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Ethiopia, 21 September 2011: Field diary – A safety net for families at risk in drought-prone Tigray

© UNICEF Ethiopia/2011/Jensen
Mehret credits the local Community Care Coalition and a nearby, UNICEF-supported health post with helping to save the life of her youngest child in a small farm community in drought-prone Tigray, Ethiopia.

The story of Tigray is one of hope and perseverance, and amazing efforts to help ensure that not only hunger, but also poverty, can one day become a part of the past.

By Malene Kamp Jensen

MEKELE, Ethiopia, 21 September 2011 – The town of Mekele in the Tigray region of Ethiopia, which borders Eritrea, is an hour’s flight from the capital, Addis Ababa. But in some ways, it’s a world away.

War, drought and poverty have left their mark on Tigray. When you speak with people here, you find that most of them have a family member, friend or neighbour who lost a loved one in the famine of 1984 and 1985, which claimed hundreds of thousands of lives.

But the story of Tigray, and the rest of Ethiopia, is also one of hope and perseverance – and amazing efforts to help ensure that not only hunger, but also poverty, can one day become a part of the past. With support from UNICEF, international donors and other partners, the Government of Ethiopia has set up a social safety net and health extension programme providing support to the country’s most vulnerable women and children.

Community-based programmes

Today, amidst drought, increased food prices and an influx of refugees from neighbouring countries affected by drought and conflict, the safety net is stretched. Yet as Tigray helps illustrate, government and innovative community-led efforts are saving and improving lives.

In the village of Agulae, some 35 km from Mekele, we make a stop at a UNICEF-supported health centre where women bring their children for routine medical and nutritional check-ups. The facility provides severely malnourished children with therapeutic food in the form of a vitamin-enriched, peanut-based paste that they can have at home or, in cases of infection or other complications, in hospital.

The health centre works in tandem with community-based nutrition programmes – also supported by UNICEF – in which health extension workers and volunteers go from village to village to educate women about how best to keep their children healthy.

Through these programmes, mothers learn how to cook nutritious meals even when money and food are tight. They also learn the importance of exclusively breastfeeding their babies for the first six months of life.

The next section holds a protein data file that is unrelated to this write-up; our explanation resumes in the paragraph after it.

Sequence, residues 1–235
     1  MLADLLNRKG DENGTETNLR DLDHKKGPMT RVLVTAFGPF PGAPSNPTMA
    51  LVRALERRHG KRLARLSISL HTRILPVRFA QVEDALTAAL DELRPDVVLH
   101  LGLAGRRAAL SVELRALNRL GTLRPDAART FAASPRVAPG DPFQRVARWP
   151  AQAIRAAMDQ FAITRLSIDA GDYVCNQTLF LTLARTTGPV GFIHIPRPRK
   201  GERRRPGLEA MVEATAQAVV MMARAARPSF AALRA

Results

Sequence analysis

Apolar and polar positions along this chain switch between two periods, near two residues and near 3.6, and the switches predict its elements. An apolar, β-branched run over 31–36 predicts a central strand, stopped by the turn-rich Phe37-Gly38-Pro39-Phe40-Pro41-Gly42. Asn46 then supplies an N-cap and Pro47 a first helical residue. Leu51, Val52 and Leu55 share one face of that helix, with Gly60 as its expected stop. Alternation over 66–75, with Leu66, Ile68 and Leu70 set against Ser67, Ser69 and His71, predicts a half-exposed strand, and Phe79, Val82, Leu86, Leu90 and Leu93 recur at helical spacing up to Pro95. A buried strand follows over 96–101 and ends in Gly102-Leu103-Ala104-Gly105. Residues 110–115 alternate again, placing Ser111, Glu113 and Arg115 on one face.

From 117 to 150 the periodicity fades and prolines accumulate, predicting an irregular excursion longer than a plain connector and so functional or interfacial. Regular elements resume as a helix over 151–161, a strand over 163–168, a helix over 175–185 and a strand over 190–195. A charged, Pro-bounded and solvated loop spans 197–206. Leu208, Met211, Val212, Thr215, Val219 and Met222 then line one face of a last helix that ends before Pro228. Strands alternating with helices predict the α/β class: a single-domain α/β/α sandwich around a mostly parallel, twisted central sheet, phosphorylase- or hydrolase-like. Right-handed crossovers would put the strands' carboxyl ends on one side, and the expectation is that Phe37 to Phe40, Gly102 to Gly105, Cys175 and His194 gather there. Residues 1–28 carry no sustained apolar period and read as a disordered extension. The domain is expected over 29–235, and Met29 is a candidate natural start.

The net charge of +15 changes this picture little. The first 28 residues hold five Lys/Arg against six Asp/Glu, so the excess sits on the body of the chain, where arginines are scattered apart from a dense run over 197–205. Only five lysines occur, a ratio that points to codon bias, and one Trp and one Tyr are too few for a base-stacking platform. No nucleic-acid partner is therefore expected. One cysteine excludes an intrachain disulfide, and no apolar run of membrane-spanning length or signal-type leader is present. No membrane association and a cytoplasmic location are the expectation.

Health posts

A mother named Kassech, 30, has come to the centre in Agulae with her three-month-old son, Kidest, for a routine check. She says the health centre and the nutrition programmes have helped keep her three children healthy.

“I know to only breastfeed for the first six months and that I need to boil water before giving it to my family,” she says. Judging by the sturdy looks of her baby, the knowledge is paying off.

Driving further into the countryside, we make several stops in mountainous, rural Tigray, taking roads that seem to be used more by camels and cattle than cars. Yet in the vicinity of practically every little village there is a health post, established over the past several years by the government with UNICEF’s help, to make sure that parents can quickly get health and nutritional support for their children in this food-insecure region.

The health posts also provide an integrated package of interventions comprising vitamin A supplements, insecticide-treated mosquito nets to prevent malaria, routine vaccinations, ready-to-use therapeutic food, growth monitoring for children and prenatal care for pregnant women.

© UNICEF Ethiopia/2011/Jensen
Kassech, 30, brings her three-month-old son to the UNICEF-supported health centre in Agulae village, in the drought-prone Tigray region of Ethiopia.

Community Care Coalitions

The communities themselves are taking additional steps to ensure that their safety nets are in place. Throughout Tigray, local groups known as Community Care Coalitions – or CCCs – are providing the poorest households with small amounts of cash or in-kind help.

This assistance can take the form of grain, school uniforms, home visits to care for the sick, elderly and orphans, or help with ploughing, weeding and harvesting fields.

The CCCs are now being formalized. In August, the government, UNICEF and other partners launched a pilot social-protection initiative through which funds provided by the Bureau of Labour and Social Affairs are given to beneficiaries identified by the coalitions.

A lifeline and hope

Overall, these efforts are paying off. A woman named Mehret, whose husband is disabled and unable to work, credits the local CCC and a nearby health post with saving the life of the youngest of her two children.

A few weeks ago, when her three-year-old daughter suddenly got a high fever and showed signs of distress, Mehret recalls, she was able to quickly reach the health post 6 km away and get immediate care. In addition, her family receives a small sack of grain and 240 birr (about US$15) each month from the coalition to help keep them fed and healthy.

Mehret says that life is still hard. But at least she has a lifeline and hope that with continued support, the future might be brighter for her children.

 

 
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